Even more interesting, why was there this complete 180 on AP design? Why did we go from the official “We don’t want you to chase AP” to “Here is a whole new reason to chase AP — ready, set, GO!” ?

One obvious reason: MAU. My guess is that they saw their MAU levels falling as the AP rewards from game activities became less and less relevant for main characters. Players just stopped doing the daily stuff that was offering what had become insignificant rewards. So the magic metrics fell, causing this part of the Blizz world to start to look shaky in corporate eyes. Swinging into action — and without any apparent trace of embarrassment — they reversed themselves on the AP design philosophy, because chasing AP is the one thing that would bring raiders back to daily hours in the game. And raiders are the group Blizz values these days — basically anyone who runs regular or above raid tiers and Mythic+ dungeons.

It is nice that I can increase my alt artifact weapon traits by 10-15 or even more levels a day just by running a few world quests, but it is demoralizing that I have to continue to run them on my main just to feel like I will not be letting my fellow raiders down. Especially after all the assurances from Mr. Game Director Hazzikostas that after reaching Convergence, size artifact power doesn’t really matter.

If the all-important MAU numbers were falling, why could Blizz not have taken a different approach? For example, they could have significantly increased the non-AP rewards for emissary and world quests, and for early world bosses, or they could have added more cool mounts or pets as rewards for the non-Argus quests. They could have implemented some sort of catchup gear currency to be earned outside of Argus. They could have instituted a mechanism for alts whereby for the first two legendaries you win you get to pick which ones you want. They could have made Blood of Sargeras account bound, giving mains a reason to go out and get it, and giving alts reasonable-level gear with which to go and run their profession instances or to join regular raid groups or even just to compete on Argus without serial dying.

All of these things likely would have kept the MAU numbers up a bit. But Blizz does not design for players like this, they design for raiders, so the only idea they had was to re-institute the AP grind. Not the kind of creativity we are used to from Blizz.

So yeah — Legion reward system has some real A+ moments. Unfortunately it also has a lot of fail moments. Overall grade C+.

The problem with designing for the squeaky wheels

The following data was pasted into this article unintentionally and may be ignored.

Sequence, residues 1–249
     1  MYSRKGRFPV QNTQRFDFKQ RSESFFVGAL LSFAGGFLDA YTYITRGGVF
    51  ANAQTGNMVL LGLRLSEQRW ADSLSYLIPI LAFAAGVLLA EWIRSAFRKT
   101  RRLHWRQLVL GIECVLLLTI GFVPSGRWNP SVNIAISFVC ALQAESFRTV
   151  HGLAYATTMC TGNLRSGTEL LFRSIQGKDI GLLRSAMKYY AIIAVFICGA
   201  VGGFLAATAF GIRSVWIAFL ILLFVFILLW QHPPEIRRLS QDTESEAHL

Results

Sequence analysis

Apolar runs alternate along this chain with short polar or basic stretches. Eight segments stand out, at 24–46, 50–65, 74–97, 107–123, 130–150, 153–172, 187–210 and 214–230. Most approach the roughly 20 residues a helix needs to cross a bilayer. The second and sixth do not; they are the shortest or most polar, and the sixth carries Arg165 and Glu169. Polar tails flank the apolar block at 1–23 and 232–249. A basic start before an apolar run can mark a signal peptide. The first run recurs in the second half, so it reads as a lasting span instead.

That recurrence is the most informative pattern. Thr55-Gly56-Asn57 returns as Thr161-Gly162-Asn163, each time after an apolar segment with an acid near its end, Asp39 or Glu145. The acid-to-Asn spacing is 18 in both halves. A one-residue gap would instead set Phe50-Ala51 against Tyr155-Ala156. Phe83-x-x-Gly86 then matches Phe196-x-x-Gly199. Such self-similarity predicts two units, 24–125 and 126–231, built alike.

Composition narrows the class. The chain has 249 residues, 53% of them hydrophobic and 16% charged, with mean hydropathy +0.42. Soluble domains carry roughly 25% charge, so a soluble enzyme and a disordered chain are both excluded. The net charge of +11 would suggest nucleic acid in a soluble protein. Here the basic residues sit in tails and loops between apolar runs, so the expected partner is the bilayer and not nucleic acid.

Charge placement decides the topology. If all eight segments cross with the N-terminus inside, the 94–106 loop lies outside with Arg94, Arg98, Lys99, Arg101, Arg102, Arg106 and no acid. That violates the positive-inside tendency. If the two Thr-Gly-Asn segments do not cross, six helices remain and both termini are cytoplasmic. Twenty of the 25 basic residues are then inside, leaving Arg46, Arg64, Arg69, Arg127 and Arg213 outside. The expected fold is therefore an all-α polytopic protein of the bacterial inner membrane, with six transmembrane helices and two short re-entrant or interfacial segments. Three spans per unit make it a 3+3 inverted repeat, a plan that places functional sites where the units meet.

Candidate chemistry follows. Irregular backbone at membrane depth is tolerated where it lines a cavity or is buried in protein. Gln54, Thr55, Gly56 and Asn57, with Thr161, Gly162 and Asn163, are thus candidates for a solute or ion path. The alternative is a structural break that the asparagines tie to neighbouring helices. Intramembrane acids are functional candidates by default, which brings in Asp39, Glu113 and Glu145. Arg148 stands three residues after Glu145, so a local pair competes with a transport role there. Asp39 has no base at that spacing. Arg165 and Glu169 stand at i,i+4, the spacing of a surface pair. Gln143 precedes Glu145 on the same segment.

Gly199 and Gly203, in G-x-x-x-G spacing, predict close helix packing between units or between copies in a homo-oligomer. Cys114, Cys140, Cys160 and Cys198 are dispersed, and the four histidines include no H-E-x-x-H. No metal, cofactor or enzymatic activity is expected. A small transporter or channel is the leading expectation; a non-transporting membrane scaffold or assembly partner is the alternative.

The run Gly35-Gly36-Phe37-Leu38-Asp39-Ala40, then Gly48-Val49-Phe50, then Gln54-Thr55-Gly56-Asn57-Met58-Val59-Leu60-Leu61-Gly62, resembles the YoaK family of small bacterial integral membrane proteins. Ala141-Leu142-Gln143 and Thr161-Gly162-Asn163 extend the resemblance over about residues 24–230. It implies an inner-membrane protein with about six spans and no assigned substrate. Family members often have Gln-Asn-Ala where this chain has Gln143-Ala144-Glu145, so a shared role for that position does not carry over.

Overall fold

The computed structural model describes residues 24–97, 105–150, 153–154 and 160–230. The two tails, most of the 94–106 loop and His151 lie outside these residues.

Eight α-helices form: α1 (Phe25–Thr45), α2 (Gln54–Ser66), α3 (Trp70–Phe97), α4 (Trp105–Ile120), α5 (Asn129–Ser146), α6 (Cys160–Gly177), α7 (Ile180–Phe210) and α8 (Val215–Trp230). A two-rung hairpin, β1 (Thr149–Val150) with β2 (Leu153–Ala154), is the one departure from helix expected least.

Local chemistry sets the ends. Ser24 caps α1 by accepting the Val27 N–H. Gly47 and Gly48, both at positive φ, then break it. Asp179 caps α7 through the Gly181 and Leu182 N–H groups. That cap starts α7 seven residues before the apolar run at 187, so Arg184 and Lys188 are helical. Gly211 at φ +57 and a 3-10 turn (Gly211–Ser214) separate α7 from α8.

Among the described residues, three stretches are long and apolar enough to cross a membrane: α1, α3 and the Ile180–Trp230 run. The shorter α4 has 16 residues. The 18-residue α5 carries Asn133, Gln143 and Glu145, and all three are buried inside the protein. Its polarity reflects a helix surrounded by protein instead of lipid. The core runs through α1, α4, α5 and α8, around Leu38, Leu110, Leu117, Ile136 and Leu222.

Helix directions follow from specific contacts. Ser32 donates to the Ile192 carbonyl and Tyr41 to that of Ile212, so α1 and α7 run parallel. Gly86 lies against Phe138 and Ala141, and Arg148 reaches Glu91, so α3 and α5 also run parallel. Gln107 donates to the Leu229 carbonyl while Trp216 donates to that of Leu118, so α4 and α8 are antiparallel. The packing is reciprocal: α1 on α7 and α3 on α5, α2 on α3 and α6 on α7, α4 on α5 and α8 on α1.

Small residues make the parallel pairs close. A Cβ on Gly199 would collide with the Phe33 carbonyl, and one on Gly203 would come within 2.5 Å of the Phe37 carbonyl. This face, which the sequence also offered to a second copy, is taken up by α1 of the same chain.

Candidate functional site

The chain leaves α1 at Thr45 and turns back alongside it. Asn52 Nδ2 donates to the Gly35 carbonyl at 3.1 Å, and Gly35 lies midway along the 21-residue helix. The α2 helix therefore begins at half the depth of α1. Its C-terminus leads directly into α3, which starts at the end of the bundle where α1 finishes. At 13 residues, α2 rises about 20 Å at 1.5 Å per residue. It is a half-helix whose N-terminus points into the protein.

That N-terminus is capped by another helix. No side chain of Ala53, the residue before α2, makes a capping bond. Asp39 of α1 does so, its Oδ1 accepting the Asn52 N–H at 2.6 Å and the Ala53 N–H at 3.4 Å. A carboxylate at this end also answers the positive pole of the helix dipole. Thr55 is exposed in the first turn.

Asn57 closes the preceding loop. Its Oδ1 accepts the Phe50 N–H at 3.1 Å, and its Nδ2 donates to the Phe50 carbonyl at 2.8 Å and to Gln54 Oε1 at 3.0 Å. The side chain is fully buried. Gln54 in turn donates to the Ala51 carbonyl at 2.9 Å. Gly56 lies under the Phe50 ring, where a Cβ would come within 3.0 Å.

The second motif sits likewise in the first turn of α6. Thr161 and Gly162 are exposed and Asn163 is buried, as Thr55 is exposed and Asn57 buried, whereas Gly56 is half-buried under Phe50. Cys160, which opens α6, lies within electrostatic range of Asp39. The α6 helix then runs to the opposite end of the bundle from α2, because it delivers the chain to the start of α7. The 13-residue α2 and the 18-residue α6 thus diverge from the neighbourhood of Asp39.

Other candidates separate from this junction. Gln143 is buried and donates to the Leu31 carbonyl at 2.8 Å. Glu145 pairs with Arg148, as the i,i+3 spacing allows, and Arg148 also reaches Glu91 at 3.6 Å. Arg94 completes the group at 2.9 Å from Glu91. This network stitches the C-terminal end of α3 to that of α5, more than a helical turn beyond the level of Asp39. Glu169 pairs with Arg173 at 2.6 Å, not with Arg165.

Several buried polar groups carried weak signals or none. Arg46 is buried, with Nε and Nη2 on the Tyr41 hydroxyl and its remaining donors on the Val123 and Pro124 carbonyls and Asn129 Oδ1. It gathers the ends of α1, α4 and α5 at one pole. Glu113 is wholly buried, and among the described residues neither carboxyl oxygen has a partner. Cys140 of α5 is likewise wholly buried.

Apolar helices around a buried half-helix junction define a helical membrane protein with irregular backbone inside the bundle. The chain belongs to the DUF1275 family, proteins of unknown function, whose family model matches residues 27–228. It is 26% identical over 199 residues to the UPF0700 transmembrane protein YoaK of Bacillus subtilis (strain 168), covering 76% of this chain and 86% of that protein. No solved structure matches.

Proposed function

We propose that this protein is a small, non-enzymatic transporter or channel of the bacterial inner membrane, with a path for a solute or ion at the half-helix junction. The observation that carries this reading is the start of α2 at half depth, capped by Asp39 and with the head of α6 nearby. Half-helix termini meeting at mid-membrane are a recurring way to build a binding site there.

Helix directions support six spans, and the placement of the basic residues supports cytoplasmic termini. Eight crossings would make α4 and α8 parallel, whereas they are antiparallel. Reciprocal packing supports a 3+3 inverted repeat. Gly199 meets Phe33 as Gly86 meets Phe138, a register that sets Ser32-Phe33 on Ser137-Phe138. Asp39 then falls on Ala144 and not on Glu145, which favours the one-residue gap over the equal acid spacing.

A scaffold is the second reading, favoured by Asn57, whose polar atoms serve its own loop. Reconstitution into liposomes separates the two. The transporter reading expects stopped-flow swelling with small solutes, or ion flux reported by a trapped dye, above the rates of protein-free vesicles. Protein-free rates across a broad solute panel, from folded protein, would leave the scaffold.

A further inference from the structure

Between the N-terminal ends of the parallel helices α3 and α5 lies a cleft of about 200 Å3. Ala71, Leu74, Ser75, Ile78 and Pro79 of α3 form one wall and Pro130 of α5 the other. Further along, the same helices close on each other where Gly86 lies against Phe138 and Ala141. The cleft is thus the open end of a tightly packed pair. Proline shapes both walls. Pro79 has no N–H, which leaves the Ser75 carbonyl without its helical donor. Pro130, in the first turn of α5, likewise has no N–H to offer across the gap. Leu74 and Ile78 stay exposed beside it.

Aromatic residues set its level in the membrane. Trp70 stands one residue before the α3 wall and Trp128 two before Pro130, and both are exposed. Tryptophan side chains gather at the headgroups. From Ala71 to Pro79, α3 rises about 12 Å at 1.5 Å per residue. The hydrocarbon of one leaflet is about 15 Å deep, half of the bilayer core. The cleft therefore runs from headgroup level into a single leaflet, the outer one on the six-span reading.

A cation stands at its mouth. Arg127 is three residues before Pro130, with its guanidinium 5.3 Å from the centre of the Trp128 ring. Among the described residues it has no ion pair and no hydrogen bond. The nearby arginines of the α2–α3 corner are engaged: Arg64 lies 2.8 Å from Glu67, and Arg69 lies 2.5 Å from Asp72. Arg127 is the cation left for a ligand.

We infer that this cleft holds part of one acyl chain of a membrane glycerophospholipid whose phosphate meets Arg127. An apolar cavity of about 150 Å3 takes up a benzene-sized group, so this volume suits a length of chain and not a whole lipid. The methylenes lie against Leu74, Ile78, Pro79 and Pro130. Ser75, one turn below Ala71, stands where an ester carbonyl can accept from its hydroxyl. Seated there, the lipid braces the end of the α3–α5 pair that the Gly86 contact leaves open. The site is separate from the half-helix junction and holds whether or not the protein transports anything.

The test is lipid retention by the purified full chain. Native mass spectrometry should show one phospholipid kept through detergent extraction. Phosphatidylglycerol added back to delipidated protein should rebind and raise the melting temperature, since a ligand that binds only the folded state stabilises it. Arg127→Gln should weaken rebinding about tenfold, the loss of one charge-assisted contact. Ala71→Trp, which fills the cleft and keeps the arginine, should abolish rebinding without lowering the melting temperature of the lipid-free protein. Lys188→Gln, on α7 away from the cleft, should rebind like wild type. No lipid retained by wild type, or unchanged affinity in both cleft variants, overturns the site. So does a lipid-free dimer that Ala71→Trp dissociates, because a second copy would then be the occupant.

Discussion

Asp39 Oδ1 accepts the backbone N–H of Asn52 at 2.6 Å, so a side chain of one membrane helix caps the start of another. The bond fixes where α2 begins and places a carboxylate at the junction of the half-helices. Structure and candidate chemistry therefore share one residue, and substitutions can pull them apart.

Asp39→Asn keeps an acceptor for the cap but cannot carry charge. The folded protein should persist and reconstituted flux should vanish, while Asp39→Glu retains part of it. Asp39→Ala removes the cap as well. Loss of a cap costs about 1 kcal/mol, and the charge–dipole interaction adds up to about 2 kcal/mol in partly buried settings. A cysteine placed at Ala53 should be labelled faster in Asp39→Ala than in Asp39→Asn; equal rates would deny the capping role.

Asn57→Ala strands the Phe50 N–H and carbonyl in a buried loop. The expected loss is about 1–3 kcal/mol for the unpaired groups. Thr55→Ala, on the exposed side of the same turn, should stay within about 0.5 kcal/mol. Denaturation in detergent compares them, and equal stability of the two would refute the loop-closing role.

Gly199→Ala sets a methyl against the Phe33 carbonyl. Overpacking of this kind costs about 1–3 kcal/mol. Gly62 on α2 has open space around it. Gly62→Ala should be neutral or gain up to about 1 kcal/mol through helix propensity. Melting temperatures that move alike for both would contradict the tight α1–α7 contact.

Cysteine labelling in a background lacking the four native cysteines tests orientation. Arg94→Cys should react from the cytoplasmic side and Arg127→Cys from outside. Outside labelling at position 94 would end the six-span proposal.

This blog is not exceptionally popular. On any given day I probably have less than 200 readers, small potatoes in the blogosphere. Of those, maybe less than 10% ever post comments, but I am nearly always impressed with how thoughtful and well-expressed those comments are, even when someone takes great issue with something I have written. I have rarely had to deal with trolls or rage-filled screeds. So I feel a tiny bit of pride that I seem to have attracted something akin to the top echelon of WoW blog readers.

I don’t reply to every comment, but I read every one of them, and even when I do not reply, I do think about every point made in them or sometimes just appreciate the humor of a well-expressed smartass retort. Every once in a while, though, a reader makes a comment that puts my brain into overdrive. This happened with a comment on my last post, from Marathal, a fellow blogger.

You can go back and check it out for yourself, but basically Marathal made the point that Blizz adjusts their game at least in part to remedy shortcomings expressed by players who have left the game, rather than by trying to figure out why people who have not left are still playing. This may seem like a subtle distinction, but the more I thought about it, the more profound I thought it was.

WoW has millions of customers, and with that many there will always be a pretty significant turnover — people leave the game, new people take it up. But Blizz sits up and take notice if many more are leaving than are joining. We do not know if this is happening lately, because they stopped publishing subscription numbers after the great exodus during the first few months of Warlords of Draenor. But we are still feeling the effects of game design changes Blizz made in response to that exodus.

The big public complaint about WoD was that there was a lack of “content”. People left the game, so Blizz tells us, because they felt that once they had leveled up their characters, there was nothing to do. Thus, in Legion, Blizz went berserk overcompensating for this perceived shortfall. We have world quests (basically just a lot of dailies, renamed), an artifact weapon designed to be endlessly upgraded, flying  gated both by time and long-grind achievements, lottery-drop super gear in the form of RNG legendaries (lots of them, so once you get one you do not quit trying), a renamed WoD garrison with continuing quest lines, professions that can only be maxed out by participating in activities that require high level gear and good luck, quality of life items gated behind tedious rep grinds, Mythic+ dungeons designed to keep players running the same instances over and over indefinitely, classes/specs that only perform adequately with certain levels of gear with certain secondary stats— well, you get the idea.